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THURSDAY, Feb. 23 — Impression 5 Science Center is hoping to inspire the next generation of engineers, inventors and architects with its latest addition. Think Tank, a new youth maker space, was officially unveiled Monday.
The space, which took over a year to create, is designed for children ages 9 to 14 to be able to create and share inventions and practice scientific behavior in a way that is accessible. The museum’s Youth Action Council was involved in the planning process, choosing things like color scheme and design of the chairs.
“They wanted to make sure that the space was a representative of them and other kids,” said Micaela Balzer, director of innovation and learning. “They felt that they were creating a space for other kids to feel welcomed immediately when they came into the space.”
Some students on the Youth Action Council shared their thoughts and experiences before Monday’s ribbon cutting. Angela Calabrese-Barton, an education professor at MSU who collaborated with the design team at Impression 5, said that maker spacers are important because they provide a way for kids to engage with STEM — science, technology, engineering and mathematics — in a way they don’t often get in school because of curriculum demands and lack of resources.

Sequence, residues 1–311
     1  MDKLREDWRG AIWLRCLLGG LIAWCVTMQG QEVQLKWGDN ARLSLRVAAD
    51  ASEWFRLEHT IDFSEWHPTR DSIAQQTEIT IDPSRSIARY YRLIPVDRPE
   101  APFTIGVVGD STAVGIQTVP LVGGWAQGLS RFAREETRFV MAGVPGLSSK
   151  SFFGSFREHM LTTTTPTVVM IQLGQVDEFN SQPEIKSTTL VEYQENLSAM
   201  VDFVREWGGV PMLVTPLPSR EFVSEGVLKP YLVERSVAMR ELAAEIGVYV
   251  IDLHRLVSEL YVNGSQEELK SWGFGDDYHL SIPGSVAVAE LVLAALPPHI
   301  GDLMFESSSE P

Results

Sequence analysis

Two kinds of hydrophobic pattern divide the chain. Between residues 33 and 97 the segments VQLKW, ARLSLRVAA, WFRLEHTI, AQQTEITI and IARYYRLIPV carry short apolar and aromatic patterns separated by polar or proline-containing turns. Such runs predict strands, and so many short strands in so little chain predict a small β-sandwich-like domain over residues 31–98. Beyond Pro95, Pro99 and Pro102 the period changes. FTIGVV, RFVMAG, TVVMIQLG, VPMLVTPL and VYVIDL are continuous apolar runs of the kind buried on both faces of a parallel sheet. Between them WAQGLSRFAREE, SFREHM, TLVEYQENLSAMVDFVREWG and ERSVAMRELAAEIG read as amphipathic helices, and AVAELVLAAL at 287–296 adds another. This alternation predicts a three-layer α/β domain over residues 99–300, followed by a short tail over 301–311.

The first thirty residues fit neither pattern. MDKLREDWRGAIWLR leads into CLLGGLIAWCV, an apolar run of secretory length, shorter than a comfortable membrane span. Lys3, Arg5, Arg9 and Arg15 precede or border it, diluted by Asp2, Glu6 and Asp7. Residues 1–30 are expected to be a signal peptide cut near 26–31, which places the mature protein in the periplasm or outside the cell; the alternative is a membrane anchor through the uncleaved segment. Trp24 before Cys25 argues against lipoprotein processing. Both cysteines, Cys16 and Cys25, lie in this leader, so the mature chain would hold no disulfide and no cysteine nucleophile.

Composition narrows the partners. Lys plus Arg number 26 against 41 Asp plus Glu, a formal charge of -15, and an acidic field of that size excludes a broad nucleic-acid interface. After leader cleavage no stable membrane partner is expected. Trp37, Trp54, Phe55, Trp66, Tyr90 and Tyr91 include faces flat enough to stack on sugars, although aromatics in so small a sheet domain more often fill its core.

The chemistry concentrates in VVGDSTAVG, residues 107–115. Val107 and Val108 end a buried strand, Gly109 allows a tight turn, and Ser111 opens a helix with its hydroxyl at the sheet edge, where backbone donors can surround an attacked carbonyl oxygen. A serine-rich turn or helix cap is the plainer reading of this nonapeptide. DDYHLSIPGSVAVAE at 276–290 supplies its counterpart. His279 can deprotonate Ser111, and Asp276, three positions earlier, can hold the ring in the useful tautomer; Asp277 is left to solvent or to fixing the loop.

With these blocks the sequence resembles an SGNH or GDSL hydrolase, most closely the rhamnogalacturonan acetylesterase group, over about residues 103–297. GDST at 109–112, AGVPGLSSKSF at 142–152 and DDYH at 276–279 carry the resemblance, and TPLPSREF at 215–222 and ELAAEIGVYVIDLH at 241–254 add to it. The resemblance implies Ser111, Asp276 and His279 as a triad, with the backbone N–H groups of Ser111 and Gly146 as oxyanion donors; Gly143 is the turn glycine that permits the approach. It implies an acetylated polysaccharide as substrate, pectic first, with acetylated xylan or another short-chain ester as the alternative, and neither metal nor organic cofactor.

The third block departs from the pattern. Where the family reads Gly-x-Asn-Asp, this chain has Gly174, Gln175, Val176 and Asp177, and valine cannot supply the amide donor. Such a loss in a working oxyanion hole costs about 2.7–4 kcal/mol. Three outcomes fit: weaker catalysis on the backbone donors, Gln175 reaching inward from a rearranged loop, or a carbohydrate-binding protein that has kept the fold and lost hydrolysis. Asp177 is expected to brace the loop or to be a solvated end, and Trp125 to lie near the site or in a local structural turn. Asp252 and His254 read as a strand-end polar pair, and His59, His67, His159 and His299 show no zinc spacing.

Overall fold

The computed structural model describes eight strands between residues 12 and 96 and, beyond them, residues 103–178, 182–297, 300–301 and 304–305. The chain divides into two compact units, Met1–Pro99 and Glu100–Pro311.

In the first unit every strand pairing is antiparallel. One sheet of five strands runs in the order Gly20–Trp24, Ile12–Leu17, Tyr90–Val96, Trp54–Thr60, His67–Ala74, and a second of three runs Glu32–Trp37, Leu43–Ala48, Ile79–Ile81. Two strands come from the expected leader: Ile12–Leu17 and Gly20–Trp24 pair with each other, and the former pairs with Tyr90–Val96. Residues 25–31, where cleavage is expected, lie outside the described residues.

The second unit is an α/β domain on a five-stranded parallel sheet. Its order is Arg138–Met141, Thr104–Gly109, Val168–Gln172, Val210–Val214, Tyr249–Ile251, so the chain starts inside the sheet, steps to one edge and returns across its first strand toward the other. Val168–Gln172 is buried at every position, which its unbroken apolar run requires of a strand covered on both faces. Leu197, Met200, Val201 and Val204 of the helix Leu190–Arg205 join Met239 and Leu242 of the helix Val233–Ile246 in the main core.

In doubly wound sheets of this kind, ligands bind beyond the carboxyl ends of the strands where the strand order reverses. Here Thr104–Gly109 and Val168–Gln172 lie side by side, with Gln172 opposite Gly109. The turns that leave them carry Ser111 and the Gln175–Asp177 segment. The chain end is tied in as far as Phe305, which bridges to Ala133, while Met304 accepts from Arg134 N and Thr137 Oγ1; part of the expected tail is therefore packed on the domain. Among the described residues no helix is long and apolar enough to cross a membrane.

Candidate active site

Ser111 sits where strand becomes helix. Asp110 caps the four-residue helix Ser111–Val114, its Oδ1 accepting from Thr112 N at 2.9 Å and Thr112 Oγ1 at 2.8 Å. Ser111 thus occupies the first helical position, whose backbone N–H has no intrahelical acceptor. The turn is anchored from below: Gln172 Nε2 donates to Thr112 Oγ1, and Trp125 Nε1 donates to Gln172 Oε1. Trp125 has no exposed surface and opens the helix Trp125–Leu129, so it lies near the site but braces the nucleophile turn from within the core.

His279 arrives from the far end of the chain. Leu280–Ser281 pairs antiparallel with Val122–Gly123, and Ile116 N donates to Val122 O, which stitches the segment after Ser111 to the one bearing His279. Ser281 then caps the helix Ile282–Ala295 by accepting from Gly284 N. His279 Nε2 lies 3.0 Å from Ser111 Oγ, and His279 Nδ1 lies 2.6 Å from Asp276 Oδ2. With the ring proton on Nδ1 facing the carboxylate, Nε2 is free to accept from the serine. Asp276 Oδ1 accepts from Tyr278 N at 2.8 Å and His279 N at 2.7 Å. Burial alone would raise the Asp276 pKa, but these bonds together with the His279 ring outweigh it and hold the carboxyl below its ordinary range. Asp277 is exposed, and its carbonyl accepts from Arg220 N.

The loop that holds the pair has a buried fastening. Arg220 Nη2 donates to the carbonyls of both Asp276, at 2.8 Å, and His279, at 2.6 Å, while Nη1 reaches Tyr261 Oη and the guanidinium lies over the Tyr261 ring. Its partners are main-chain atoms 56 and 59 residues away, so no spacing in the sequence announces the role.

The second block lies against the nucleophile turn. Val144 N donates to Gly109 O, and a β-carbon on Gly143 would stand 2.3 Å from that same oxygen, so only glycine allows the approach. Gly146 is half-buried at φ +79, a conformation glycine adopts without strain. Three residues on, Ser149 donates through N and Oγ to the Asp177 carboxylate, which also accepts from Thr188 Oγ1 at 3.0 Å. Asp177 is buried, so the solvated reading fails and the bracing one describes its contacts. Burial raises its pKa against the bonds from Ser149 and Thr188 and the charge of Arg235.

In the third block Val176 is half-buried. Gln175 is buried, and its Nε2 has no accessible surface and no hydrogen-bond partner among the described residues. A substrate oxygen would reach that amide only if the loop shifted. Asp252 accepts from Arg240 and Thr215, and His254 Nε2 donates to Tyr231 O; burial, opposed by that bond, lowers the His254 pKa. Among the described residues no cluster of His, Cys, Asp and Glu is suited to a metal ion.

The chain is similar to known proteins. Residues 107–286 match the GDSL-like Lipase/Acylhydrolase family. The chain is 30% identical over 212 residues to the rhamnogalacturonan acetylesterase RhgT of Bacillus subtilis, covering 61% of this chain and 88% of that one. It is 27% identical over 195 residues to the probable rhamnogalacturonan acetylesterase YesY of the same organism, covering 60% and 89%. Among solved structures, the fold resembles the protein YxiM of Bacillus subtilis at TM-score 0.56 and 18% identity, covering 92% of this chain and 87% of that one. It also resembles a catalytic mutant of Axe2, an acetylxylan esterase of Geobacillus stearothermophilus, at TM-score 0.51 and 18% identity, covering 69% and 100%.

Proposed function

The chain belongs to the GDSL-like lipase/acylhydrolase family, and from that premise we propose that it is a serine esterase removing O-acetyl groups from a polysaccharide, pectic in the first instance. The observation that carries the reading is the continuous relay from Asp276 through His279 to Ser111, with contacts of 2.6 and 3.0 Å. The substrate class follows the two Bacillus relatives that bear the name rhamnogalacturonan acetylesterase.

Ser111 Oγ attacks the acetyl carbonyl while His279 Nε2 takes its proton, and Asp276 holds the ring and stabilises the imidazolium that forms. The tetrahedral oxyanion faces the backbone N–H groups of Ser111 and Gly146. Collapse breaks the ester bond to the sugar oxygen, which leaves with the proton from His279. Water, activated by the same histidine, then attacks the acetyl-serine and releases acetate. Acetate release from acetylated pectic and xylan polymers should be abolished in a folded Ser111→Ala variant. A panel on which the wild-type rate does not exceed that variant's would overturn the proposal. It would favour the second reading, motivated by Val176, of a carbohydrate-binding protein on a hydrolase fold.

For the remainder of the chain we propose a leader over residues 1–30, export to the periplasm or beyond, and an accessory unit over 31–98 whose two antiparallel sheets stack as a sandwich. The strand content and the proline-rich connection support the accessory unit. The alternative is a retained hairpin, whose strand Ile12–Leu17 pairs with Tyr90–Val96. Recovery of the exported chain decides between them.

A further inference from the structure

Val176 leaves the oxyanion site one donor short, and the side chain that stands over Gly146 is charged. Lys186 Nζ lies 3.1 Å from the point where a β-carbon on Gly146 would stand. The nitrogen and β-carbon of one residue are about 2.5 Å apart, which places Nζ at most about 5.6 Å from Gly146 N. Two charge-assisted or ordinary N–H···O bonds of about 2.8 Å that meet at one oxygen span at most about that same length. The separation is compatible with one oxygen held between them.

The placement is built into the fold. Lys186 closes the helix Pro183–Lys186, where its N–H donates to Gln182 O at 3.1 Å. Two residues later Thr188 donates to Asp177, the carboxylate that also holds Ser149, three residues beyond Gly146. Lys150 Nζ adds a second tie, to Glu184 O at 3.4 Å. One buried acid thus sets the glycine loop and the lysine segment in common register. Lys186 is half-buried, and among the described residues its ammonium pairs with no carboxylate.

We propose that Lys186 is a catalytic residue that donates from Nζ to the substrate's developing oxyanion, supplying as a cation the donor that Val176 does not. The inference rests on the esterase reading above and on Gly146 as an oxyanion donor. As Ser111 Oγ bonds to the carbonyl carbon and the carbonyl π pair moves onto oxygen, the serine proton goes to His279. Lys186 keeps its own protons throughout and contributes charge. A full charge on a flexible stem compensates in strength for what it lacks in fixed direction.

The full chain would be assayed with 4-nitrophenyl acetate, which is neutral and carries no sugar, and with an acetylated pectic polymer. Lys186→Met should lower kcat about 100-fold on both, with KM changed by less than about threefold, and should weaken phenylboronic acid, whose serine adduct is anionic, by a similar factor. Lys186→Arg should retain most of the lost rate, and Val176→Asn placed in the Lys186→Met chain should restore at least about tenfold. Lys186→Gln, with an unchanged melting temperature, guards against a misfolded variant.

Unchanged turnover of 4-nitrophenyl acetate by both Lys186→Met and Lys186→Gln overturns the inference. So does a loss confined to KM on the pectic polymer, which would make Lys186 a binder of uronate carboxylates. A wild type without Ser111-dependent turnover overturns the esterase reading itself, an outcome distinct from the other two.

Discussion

“Maker spacers provide opportunity for kids to learn about STEM in ways that are authentically connected to their lives,” Calabrese-Barton said. “They can come in here and make things to solve the problems that they care about.”
Calabrese-Barton also emphasized that Think Tank, unlike other organizations that are more adult focused, is taking a different approach by emphasizing the children.
“Think Tank expands the mission of Impression 5 to provide hands on experiences,” she said. “It also provides a model for other organizations that want to have an equity focused youth centered maker space.”